Philip Atkinson appears to be British (that actually puts things in perspective) and hence disqualified. Thus, we have another antivaxxer on our hands. Sharyl Attkisson is an “investigative correspondent” in the Washington bureau for CBS News and a sometimes substitute anchor for CBS Evening News. She has won various Emmy Awards, as well as other awards, in particular for her “follow the money”-reporting. Well, there is no chance that Attkisson would ever miss a conspiracy, at least. She’s bought the antivaxx propaganda hook and sinker, and after Wakefield’s fraud was exposed she has made a bit of effort to find a lone maverick antivaxx scientist replacement (after all, she had gullibly swallowed Wakefield’s schtick already), and she has – for instance – relatively recently given CBS coverage to a rather disconcertingly similar (and ghastlily incompetent) literature review by one Helen Ratajczak. Of course, when Ratajczak’s “study” (and Ratajczak’s “study” contains some, shall we say, speculative elements itself – she didn’t hesitate to quote the research of the Geiers, for instance) doesn’t quite prove to be conclusive enough, Attkisson has no qualms filling in the gaps herself. More here. Both Attkisson and Ratajczak are duly taken down here. (Seems like none other than archcrank Joe Mercola picked up the Ratajczak Attkisson drivel as well, which is not a point in Attkisson's favor).
Attkisson is not a newcomer in the antivaxx game. Already in 2007 she published an article “Autism: why the debate rages”, which contained more or less all the classic fallacies: “science has been wrong before” (therefore I am right now), pharma shill gambits, and “science doesn’t know everything” (therefore my opinion is just as good). Support for her favored view seems to amount to, well, nothing in addition to the attacks on science, really. She has subsequently been caught creeating news stories straight out of propaganda leaflets from the Age of Autism and Generation Rescue.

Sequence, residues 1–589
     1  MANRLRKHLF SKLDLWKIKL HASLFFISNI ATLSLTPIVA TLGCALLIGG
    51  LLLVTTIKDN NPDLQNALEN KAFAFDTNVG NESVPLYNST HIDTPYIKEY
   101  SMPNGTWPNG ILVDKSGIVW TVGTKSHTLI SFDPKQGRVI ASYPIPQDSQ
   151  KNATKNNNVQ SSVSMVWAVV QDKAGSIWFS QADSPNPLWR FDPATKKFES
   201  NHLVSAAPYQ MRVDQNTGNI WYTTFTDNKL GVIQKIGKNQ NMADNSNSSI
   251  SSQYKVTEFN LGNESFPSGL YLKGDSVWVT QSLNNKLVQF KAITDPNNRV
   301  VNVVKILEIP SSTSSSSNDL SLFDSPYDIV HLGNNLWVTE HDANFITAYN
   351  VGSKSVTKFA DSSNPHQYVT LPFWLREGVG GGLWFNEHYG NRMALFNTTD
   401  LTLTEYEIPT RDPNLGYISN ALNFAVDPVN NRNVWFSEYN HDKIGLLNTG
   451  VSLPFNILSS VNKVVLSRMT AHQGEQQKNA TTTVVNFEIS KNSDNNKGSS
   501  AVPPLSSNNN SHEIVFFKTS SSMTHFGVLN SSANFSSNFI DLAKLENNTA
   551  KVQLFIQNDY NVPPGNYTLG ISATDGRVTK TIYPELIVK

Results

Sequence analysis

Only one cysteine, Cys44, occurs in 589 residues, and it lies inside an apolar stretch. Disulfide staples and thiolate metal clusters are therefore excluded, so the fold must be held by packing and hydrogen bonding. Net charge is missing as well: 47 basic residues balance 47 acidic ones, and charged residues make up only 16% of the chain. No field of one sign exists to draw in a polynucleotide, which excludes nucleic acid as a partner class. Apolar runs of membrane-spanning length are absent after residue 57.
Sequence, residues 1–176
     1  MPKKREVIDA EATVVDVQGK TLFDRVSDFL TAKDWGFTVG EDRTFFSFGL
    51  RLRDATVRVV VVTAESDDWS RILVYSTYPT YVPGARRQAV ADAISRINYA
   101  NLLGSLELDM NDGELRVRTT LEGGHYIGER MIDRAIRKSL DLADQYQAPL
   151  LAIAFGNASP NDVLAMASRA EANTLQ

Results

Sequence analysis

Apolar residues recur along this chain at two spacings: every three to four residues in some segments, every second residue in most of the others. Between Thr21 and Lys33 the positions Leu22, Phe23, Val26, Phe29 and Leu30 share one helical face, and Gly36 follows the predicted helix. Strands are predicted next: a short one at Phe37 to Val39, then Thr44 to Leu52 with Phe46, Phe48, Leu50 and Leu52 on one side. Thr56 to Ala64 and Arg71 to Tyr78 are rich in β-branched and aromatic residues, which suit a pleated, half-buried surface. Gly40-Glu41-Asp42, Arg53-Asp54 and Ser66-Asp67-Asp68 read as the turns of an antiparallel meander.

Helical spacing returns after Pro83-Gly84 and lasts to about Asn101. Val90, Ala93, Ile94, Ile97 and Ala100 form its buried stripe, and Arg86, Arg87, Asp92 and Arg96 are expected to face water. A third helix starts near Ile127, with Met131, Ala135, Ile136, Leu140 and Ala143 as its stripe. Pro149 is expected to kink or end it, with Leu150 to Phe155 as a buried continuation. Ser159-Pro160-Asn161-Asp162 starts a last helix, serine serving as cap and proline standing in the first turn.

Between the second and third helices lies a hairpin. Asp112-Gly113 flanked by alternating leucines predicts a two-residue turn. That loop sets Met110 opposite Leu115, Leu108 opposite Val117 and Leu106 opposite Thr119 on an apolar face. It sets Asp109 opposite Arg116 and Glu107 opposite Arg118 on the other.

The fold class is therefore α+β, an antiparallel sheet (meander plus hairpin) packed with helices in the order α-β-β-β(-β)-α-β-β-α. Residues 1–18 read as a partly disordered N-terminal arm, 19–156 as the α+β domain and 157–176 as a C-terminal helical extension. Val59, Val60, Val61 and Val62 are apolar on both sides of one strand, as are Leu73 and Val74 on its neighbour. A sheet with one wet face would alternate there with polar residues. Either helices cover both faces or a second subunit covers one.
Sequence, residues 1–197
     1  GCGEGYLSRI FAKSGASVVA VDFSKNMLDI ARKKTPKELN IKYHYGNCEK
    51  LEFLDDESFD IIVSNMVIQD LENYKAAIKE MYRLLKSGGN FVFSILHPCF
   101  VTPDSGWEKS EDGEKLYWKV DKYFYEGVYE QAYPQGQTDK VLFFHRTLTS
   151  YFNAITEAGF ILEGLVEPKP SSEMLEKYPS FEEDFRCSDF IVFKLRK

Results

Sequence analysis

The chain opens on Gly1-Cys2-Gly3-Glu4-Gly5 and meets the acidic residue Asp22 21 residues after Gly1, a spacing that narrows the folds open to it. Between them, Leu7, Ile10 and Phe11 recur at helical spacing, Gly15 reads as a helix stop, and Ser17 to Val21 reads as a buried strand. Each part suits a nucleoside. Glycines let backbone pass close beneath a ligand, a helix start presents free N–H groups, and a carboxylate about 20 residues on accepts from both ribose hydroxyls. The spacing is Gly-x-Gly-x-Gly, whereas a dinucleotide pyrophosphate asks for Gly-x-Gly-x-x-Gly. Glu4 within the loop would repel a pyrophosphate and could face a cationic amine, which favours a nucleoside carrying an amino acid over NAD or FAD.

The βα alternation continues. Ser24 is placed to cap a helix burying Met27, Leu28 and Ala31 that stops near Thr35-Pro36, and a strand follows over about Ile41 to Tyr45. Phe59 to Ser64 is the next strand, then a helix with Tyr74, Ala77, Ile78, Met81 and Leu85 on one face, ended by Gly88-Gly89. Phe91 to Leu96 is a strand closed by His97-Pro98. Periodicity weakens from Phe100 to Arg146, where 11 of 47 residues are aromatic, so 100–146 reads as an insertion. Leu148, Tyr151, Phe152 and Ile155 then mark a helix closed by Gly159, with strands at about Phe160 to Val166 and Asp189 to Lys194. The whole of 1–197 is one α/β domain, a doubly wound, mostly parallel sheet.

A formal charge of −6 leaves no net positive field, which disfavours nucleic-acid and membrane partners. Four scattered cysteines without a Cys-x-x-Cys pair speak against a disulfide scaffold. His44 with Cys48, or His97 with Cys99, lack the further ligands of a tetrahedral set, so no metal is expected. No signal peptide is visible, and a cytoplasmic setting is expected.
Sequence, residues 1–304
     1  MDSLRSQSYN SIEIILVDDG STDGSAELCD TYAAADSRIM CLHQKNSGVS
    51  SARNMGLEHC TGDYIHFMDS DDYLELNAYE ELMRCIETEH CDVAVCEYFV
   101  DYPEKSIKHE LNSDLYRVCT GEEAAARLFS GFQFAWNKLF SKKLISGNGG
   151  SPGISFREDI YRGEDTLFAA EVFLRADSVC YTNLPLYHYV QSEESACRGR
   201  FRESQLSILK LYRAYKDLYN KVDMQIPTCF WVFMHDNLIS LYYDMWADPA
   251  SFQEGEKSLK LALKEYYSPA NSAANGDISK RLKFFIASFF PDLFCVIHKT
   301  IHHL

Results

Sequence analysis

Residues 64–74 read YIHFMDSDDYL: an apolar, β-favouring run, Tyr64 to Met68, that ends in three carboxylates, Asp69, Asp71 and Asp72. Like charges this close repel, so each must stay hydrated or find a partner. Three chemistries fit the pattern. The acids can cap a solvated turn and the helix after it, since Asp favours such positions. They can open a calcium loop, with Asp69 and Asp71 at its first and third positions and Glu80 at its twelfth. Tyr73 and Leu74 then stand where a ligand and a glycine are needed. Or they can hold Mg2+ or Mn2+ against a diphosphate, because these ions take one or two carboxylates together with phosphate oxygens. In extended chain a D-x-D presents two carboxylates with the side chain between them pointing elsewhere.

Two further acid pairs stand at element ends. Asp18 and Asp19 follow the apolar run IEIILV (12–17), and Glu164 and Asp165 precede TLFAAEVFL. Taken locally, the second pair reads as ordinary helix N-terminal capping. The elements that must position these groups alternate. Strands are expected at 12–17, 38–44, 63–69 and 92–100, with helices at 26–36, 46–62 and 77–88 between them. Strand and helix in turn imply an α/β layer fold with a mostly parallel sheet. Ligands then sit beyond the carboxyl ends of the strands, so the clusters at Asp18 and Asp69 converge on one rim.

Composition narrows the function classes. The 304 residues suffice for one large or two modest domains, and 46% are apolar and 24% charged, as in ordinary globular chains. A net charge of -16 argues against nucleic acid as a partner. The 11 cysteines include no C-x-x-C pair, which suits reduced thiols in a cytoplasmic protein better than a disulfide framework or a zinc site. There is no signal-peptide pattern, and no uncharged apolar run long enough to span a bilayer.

True to form, she also reports favorably on other forms of woo and denialism, such as breast cancer crankery.
In 2012 she received an award at the Conservative Political Action Conference from Accuracy in Media, a right-wing group with a long history of promoting anti-gay views and conspiracy theories. For the occasion MediaMatters produced a helpful sample of the crankery promoted by either party.
Diagnosis: A reporter with an agenda, and calling her “biased” is an understatement. Given the exposure she gets for her misinformation she must be considered extremely dangerous.